Response

Response

4.1 6
by Paul Volponi
     
 

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Noah and his friends go to a predominantly white neighborhood with a plan: steal a car, sell it to a chop shop, and make some fast cash. But that never happens. Instead, Noah, a teen father, is the victim of a vicious beating that leaves him with a fractured skull. Was the attacker just protecting his turf, or did he assault Noah because he's black?

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Overview

Noah and his friends go to a predominantly white neighborhood with a plan: steal a car, sell it to a chop shop, and make some fast cash. But that never happens. Instead, Noah, a teen father, is the victim of a vicious beating that leaves him with a fractured skull. Was the attacker just protecting his turf, or did he assault Noah because he's black? Awardwinning author Paul Volponi, known for his brutally honest portrayals of the moral complexities of urban life, uses alternating perspective to give readers a fascinating and chilling insight into the minds of those on both sides of a hate crime.

Editorial Reviews

BCCB
Noah's epiphany concerning his roles as son, friend, father, and lover is convincingly handled, and readers will hail his graduation from an alternative high school-program as an authentic victory.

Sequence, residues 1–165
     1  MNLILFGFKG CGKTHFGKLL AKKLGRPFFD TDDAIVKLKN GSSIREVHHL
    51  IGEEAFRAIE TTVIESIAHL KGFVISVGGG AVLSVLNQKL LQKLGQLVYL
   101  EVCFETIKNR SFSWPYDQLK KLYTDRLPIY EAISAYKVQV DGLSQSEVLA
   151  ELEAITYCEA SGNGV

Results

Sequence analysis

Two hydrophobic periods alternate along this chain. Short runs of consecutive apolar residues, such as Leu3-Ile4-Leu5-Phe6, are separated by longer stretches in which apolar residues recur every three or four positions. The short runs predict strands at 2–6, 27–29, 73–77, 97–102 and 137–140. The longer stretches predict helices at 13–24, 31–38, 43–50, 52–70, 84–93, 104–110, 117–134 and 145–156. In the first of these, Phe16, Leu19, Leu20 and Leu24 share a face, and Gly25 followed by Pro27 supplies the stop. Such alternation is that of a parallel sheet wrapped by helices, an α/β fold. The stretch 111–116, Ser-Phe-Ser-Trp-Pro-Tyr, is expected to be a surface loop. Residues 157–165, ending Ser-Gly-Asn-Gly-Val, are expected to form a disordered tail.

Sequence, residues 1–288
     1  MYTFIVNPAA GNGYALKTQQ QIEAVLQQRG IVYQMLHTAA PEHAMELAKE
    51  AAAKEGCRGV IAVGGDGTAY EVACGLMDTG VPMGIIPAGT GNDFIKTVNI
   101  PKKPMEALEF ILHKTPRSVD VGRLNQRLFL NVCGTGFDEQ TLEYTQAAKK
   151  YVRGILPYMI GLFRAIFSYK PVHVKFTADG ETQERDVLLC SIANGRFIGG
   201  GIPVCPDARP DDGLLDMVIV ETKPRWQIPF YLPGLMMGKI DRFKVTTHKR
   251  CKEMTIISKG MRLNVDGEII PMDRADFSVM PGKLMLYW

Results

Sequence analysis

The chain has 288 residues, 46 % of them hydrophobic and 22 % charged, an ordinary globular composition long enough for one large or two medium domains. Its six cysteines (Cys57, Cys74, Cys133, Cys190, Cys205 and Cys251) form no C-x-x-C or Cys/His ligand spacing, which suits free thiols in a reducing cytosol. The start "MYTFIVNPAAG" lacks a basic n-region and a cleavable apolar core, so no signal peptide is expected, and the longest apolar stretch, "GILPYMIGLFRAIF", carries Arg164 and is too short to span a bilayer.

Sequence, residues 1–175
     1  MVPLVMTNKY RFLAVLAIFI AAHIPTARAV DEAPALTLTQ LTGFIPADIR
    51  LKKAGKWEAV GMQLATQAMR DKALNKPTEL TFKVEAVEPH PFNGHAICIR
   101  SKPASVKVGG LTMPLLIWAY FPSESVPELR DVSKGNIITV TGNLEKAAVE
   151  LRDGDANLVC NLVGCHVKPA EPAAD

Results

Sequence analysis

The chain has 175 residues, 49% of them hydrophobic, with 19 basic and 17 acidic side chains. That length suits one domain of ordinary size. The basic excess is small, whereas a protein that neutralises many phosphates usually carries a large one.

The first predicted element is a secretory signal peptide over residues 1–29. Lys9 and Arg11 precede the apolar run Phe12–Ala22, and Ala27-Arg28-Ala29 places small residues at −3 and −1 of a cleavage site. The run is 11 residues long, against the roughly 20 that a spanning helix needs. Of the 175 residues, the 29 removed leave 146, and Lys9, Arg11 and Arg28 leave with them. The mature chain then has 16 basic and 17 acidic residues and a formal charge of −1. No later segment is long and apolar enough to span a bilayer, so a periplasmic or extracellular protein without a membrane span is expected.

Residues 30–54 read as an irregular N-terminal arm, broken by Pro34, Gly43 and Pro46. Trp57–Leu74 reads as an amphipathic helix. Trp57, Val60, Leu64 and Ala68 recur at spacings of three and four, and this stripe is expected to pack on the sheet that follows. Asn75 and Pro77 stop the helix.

Booklist
Writing in an authentic voice, Volponi balances sensitivity and rage, but his most subtle achievement is the multi-generational family drama.
Children's Literature - Amanda MacGregor
Noah and his friends, all African American, go to a mostly white (Italian-American) neighborhood, and plan to steal a car and sell it for parts. Noah is initially reluctant about the plan but goes along with it knowing it will get him some much needed cash for his baby daughter. Before they can even steal a car, they are attacked by three white boys. Noah's friends escape, but Noah is brutally beaten with an aluminum bat. Because the assailants ostensibly beat Noah simply because of the color of his skin, the offense is prosecuted as a hate crime. Noah's case stirs the already strong racial tension in the city, spurring protests, marches, and comments from both groups at school. Now constantly looking over his shoulder, Noah wonders what good can come of prosecuting the boys and what it will take for things to change. The novel changes perspective, showing not only what Noah is thinking, but what Charlie Scat, the baseball bat-wielding attacker, is thinking as he is imprisoned and awaiting trail. Noah is a sympathetic character, a "super senior" looking to finally graduate high school and hopefully go to college to be an engineer. His relationships as both a young father and a son show how the assault affects his entire life. Though the insidious racism sometimes seems too overblown to feel real, Volponi creates a thoughtful story sure to inspire discussion about racism and the judicial system. Frequent profanity makes this title more appropriate for older teen readers and the short chapters and street slang will draw in even the most reluctant readers. Reviewer: Amanda MacGregor